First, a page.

In the summer of 2000, tomato (Lycopersicon esculentum Mill.) plants in several commercial fields in southeastern and eastern Tennessee exhibited symptoms of Fusarium wilt. All cultivars on which symptoms were observed are classified as resistant to races 1 and 2 of the causal fungus, Fusarium oxysporum Schlechtend.:Fr. f. sp. lycopersici (Sacc.) W.C. Snyder and H.N. Hansen. Race 3 has been reported from several areas (1), but not from Tennessee, a major producer of fresh market tomatoes. F. oxysporum was consistently isolated from discolored vascular tissue on potato dextrose agar (PDA). Pathogenicity and race determination tests for six isolates representing three counties were conducted by inoculating cultivars susceptible to races 1, 2, and 3 (Rutgers); resistant to race 1 (Bradley, Roma VF); resistant to races 1 and 2 (Conquest, Florida 47); or resistant to races 1, 2, and 3 (Floralina). Inoculum suspensions were obtained from 1-week-old cultures grown on PDA. Seedlings were grown in commercial potting mix for 3 weeks. The roots were rinsed and submerged for 30 s in inoculum suspensions (1 × 107 conidia per ml). Seedlings were then transplanted into potting mix in metal flats and placed in a greenhouse. Natural light conditions provided a 12-h photoperiod, and day and night temperatures averaged 29 and 17°C, respectively. Within 4 weeks after inoculation, all isolates caused symptoms of Fusarium wilt in all cultivars except Floralina, indicating that the isolates were race 3. The pathogen was reisolated from the discolored vascular tissue of diseased plants. Among the cultivars most severely affected by all six isolates was Conquest, which is resistant to F. oxysporum f. sp. radicis-lycopersici, the cause of Fusarium crown and root rot.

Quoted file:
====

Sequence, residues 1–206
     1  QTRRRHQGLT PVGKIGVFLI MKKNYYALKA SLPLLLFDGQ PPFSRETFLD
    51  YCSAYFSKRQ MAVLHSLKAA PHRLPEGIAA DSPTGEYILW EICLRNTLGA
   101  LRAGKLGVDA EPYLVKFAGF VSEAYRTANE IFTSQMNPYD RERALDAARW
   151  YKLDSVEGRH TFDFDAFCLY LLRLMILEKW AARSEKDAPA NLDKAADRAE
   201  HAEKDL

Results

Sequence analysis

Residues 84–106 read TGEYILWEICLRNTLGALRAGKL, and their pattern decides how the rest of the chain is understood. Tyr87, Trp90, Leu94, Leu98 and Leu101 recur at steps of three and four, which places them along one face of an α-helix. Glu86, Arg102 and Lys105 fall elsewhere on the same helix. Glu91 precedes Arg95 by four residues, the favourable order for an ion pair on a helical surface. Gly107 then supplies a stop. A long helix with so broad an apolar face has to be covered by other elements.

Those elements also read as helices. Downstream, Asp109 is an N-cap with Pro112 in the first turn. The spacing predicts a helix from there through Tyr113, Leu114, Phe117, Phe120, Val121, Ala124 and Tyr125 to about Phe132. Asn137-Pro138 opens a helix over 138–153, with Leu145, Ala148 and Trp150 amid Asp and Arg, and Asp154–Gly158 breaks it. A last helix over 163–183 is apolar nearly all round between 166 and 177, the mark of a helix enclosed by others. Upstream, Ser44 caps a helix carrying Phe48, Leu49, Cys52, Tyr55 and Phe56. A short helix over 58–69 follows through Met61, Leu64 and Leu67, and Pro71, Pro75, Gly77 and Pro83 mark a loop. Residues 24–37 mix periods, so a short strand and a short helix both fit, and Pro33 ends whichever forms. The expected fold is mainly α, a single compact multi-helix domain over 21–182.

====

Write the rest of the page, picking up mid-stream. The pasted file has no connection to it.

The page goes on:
Reference: (1) M. L. Marlatt et al. Plant Dis. 80:1336, 1996.